And what is the typical response? Talk with your feet, right? You unsubscribe, leave, or just stop buying their product. Now, if you’re one of the rare few, maybe you give the company feedback before you leave, saying, “I don’t like this new change; I think you were better before.” But then, you’re gone.

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I Was Going To Write About SOBCon, but… Part Two

L-R: Kane, me, Cree, Garrett

L-R: Kane, me, Cree, Garrett

No exploding tires, no big catastrophe this time, don’t worry.

But I had it in mind to write a great review of what happened at SOBCon08, and then I thought—especially in light of all the great reviews being posted out there—would that really be helpful? Would it help you to hear about the things I did, the food I ate, the people I talked to, and the sights I saw on my trip to Chicago this month?

No, not really. It probably wouldn’t. (Other than to give you social proof that SOBCon is great, and you should really go next year if you’re even at all curious.)

So, what would benefit you?

  1. I had a great time. Now you can be happy for me (thanks).
  2. It was a great catalyst for a number of decisions I needed to make, and you’ll be hearing about the fruits of those decisions very, very soon.
  3. It reinforced for me the importance of friendship, community, and why it’s so great to go to events like this.

Because the information I heard was great, but it didn’t make as large an impact on me as when I went last year. At SOBCon07, I had been blogging about three weeks… so the information presented blew me away. Everything that anyone said was so helpful, so new, so eye-opening.
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I Was Going To Write About SOBCon, but…

gratitude is the key

This past weekend I attended SOBCon08 (the Successful and Outstanding Bloggers Conference) in Chicago, and today I had planned to write all about it. There were some fantastic messages shared, I made some great new friendships, lots of new connections, and had a blast with everyone I met.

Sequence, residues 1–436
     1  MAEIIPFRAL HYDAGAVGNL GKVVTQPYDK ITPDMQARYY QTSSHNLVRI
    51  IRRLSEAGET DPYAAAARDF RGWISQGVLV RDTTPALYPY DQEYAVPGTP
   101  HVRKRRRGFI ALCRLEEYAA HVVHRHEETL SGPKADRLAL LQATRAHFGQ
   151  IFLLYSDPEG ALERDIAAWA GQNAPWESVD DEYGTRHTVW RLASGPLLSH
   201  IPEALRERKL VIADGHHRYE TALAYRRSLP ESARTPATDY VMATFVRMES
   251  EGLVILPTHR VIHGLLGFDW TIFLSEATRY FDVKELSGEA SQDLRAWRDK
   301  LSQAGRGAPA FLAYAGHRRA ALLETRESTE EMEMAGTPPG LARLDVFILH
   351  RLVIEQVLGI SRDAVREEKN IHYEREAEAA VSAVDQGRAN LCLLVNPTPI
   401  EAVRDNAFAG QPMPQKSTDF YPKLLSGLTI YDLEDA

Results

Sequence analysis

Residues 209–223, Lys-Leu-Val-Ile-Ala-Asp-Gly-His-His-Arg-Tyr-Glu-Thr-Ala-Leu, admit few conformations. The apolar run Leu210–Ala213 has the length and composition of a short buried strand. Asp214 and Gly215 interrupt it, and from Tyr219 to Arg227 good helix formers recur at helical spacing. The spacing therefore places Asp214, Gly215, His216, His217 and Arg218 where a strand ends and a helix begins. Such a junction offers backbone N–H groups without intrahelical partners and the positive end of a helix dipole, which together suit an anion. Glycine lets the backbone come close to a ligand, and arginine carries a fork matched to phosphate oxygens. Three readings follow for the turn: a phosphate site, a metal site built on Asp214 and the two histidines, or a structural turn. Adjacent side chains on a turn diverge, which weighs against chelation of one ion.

Of course, writing about it was what I was going to do today, but… on the way home from dropping off my rental car, we had a tire blow up on the interstate. Knock on wood, we were fine, although the wheelwell got a bit ripped up when the tire’s tread flew off.

And, knock on wood, even though there were a bunch of cars around us, there were no collisions, no problems (except ours)… everyone was fine.

And, knock on wood, the tire actually still worked! The tread blew clear off, but the rest stayed on and inflated, so we could actually limp along in the shoulder until the next off-ramp. (And no, it wasn’t a retreaded tire… the guy at the tire shop said that what happened really shouldn’t have happened. But, of course, it did, so it just goes to show that improbable things actually happen all the time, just in case those of you out there with 100% normal lives were wondering.)

And, amazingly, we were able to drive on the busted-up tire all the way into the next town (over 10 miles), and then into the next town—ours—without incident. Why so far? There’s only one tire place on the way, and they didn’t have one in our size (it’s a truck tire shop, primarily). The shredded tire held its air for one last journey, and we made it all the way to Bob’s Tire Service